After high-profile arrests on Capitol Hill, there's a very simple question on health care that hasn't been answered: Why are top Democrats afraid to even discuss the concept of a single-payer health care system? This is the question I explore in my latest newspaper column.
President Obama's refusal to kick off a national debate about single payer is particularly perplexing when you watch this statement from 2003:
As you can see, Obama not only declares himself a "proponent of single-payer health care" but says the only reason proponents like him should tolerate delay is because -- at the time -- Democrats still had to take back the House, Senate and White House. And yet now that precisely that has happened, the White House has done its level best to exclude single-payer advocates from a national health care debate. Why?
Thanks to this new Great Falls Tribune article, we get at least one potential attempt at an answer to that question from Sen. Max Baucus (D-MT), the single most powerful opposition to single payer in the American government:
"We've got to reform our system fairly quickly, and to be candid with you, very few members of the House and Senate advocate single-pay. The vast, vast majority do not," Baucus said in an interview Friday. "It tells me that if I go down that road, it's not going to be successful -- it's not going to pass the Congress."
So Baucus is giving us the "politically impossible" canard - ie. the canard insisting that even though polls show a majority of Americans support the concept of single-payer, it's "not going to pass the Congress." Of course, the "evidence" for his assertion is the claim that "very, very few members" of Congress support single payer, and that "evidence" is refuted by the Great Falls Tribune's note that Rep. John Conyers' (D-MI) single-payer bill "has 75 sponsors in the House and is endorsed by more than 500 unions in 49 states." That doesn't sound like "very, very few" - and certainly not so few that single payer should be barred from the debate entirely.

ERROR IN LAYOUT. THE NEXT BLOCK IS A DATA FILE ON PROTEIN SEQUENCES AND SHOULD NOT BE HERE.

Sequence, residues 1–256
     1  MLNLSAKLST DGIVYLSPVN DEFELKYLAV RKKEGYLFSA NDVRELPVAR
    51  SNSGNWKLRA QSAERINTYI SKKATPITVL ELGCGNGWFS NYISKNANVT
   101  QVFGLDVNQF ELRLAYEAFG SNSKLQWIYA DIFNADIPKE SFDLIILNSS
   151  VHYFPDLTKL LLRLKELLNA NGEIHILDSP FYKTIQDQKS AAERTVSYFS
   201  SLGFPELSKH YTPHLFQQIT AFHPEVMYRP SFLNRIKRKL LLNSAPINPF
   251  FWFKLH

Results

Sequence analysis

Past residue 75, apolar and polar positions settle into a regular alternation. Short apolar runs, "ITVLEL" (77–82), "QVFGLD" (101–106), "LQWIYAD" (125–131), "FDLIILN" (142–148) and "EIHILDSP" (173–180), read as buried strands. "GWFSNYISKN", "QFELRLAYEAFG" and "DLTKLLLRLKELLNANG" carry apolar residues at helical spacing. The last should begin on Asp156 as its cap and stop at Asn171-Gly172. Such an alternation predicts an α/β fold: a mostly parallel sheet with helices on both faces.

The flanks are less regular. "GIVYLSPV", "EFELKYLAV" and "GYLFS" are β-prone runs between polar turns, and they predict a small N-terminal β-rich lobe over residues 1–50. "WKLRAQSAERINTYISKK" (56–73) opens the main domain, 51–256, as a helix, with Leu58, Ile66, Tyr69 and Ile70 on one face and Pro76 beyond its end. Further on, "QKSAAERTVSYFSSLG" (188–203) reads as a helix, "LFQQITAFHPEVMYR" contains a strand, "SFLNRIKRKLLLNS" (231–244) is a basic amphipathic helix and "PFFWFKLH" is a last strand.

As I wrote last week, I support single payer, and we clearly need single payer to be in the health care debate right now. The fact that the Washington Establishment is doing everything not only to stop single payer, but to keep it out of the debate entirely, suggests that Establishment is genuinely frightened of any proposal that takes on the health insurance industry. And that's not a good reason to refuse to even discuss a system that, on the merits, is probably the best solution to the health care crisis.
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